Do shorter working hours mean a better work-life balance? Not always
- Published: 6th July 2021, 11:39
We’re all seeking a perfect work-life balance, allowing us to earn a good wage while fitting in enough time for family, friends and fun.
But what allows us to attain it? And how do we measure whether we’ve done so?
MoneyTranfers.com – a company providing money transfer comparison – has looked into recent surveys suggesting clocking up long hours doesn’t necessarily mean people feel they have a poor work-life balance; just as a shorter working day doesn’t guarantee a better one.
According to data from business support company NordVPN Teams, the average length of time an employee working from home in the UK spends logged onto their computer has increased by more than two hours a day during the coronavirus pandemic.
The Guardian has also reported on stats from remote team-building firm Wildgoose that showed 44% of UK employees felt they were expected to do more work over the last year. People also took shorter work breaks and felt they had to be “always on”. Both surveys related to people who’d switched to primarily home working.
Yet a survey from the UK’s Office for National Statistics of new homeworkers during the pandemic found that a better work-life balance was actually the biggest positive of the shift. People also reported a greater sense of wellbeing as a result of working from home. What they found more challenging was collaborating with their colleagues; younger workers also found there were more distractions at home.
Why is this?
Career Coach Alice Stapleton says it’s because what people are really talking about in this case is work-life integration and flexibility.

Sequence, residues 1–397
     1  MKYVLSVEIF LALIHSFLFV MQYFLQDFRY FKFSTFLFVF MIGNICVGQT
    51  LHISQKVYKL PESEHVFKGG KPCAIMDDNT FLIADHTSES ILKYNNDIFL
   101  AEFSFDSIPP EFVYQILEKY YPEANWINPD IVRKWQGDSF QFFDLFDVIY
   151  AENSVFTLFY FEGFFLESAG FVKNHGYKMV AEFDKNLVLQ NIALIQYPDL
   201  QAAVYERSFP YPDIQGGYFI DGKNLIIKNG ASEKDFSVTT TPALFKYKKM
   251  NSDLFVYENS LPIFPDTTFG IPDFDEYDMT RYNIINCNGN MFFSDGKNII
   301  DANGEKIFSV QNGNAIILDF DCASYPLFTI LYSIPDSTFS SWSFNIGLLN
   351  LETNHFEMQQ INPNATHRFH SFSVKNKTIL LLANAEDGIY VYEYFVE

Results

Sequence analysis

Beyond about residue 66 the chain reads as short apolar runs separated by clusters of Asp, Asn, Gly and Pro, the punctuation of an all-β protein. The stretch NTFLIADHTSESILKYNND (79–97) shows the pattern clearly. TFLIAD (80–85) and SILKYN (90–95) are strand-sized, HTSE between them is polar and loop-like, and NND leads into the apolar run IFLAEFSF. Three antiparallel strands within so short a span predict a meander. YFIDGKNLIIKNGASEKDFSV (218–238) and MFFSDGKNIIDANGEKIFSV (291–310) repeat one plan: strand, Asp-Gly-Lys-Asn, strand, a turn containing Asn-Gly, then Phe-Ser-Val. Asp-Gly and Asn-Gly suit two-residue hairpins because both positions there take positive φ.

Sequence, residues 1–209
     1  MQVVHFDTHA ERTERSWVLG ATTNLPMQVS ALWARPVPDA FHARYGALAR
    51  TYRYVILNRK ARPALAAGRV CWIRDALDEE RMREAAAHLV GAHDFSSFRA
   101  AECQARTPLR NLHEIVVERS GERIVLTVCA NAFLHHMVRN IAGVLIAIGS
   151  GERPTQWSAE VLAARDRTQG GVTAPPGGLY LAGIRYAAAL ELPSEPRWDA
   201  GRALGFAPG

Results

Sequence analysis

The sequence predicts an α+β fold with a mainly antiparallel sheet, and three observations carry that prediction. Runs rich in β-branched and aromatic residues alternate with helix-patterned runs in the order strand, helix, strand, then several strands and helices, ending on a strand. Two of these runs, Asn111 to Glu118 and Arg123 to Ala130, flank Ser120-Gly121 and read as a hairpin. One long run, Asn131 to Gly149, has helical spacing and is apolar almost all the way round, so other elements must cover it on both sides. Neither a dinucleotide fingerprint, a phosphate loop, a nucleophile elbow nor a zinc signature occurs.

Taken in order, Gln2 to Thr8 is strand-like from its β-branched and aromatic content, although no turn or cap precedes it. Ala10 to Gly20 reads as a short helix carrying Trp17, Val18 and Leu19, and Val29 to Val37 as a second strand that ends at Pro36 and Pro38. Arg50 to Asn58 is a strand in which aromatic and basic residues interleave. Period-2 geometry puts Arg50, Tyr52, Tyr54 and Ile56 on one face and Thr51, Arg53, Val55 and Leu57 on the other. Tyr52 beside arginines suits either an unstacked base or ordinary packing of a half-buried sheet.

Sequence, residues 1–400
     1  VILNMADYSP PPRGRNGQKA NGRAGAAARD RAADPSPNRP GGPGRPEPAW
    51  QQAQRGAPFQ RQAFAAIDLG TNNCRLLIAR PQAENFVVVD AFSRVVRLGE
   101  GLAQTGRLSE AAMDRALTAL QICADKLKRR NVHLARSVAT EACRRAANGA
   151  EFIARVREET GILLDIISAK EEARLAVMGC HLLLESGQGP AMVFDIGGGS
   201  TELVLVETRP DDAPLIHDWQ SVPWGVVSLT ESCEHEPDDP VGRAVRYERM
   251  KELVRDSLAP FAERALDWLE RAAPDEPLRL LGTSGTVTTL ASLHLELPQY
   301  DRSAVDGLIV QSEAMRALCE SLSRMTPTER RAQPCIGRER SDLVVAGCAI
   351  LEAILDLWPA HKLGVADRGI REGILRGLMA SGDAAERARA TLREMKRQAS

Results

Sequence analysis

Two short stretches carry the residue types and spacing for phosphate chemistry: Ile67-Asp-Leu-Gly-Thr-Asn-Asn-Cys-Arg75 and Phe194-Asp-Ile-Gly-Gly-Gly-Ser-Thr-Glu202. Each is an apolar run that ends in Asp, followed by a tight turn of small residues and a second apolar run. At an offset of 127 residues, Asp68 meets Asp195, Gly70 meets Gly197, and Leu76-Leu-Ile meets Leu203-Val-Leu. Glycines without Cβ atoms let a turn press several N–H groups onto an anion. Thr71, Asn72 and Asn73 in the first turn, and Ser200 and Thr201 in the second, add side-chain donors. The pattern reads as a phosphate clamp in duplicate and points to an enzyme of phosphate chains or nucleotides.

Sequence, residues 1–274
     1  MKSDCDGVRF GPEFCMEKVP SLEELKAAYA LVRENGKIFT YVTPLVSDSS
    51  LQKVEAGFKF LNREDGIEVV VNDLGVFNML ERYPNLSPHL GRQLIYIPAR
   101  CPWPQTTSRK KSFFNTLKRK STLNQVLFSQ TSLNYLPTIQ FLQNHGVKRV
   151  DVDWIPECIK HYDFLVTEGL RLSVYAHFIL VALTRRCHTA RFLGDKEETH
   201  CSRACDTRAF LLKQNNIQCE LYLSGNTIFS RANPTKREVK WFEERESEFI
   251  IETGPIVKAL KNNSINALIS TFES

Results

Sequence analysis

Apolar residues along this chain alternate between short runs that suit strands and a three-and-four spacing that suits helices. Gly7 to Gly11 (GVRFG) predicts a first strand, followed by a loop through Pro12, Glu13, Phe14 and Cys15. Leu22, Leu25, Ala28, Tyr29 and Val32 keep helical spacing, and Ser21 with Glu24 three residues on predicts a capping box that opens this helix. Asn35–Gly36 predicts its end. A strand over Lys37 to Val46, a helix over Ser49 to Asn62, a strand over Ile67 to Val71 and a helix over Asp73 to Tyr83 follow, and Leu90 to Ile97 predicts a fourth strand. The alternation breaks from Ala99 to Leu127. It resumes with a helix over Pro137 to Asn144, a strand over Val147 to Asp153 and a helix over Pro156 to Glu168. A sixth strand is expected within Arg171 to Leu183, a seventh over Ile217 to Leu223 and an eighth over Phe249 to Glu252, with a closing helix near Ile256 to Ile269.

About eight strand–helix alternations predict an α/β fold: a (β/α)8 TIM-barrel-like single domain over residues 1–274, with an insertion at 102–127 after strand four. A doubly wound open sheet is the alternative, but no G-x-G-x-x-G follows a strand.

“When working at home, time is saved by not commuting. Being at home means you can quickly do chores in-between work, pop out to a fitness class at lunch, pick your kids up from school and carry on working if need be”, Stapleton told MoneyTransfers.com.
“It’s the flexibility and holistic, integrated approach to our whole lives that working from home enables us to have.”
She echoes the idea that it’s not necessarily the number of hours someone is working in a day that impacts their perception of work-life balance, but how much time they carve out to commit to other activities.
“When one of my clients says ‘I don’t have time’, what they’re really talking about is what their priorities are. We all have the ability to fit ‘life’ commitments around our work, but our priorities, mindset, and people-pleasing get in the way. It’s very easy to let work take priority – there will always be something that needs doing, and we think everything is urgent these days,” Stapleton says.
She identifies cancelling plans to see friends, cancelling classes they’ve paid for, not returning phone calls or messages from friends and family, and working at the weekend when they hadn’t planned to as signs someone’s work-life balance has slipped.
How can you find a better work-life balance?
“Set clear working hours and stick to them – communicate them with the rest of your team so that they know when they can’t get hold of you,” says Rebecca Siciliano, Managing Director at Tiger Recruitment, a London-based boutique recruitment agency with a global client base.
“A day should begin with clear objectives and a timetable of what you’ll do when, interspersed with time away from your screen,” Siciliano adds.
“It should end with shutting down your laptop and packing up all your work things to signal to your brain that the working day is over.”
Siciliano says employers who want to create a better work-life balance for their staff should focus on outcomes and outputs, not when or how many hours people work.
Bosses should rarely be contacting employees out of office hours and never when they’re on annual leave.
“The most effective way to encourage a healthy work-life balance in your team is to model healthy behaviour,” she says.
“Setting your own reasonable boundaries will give your team permission to follow suit.”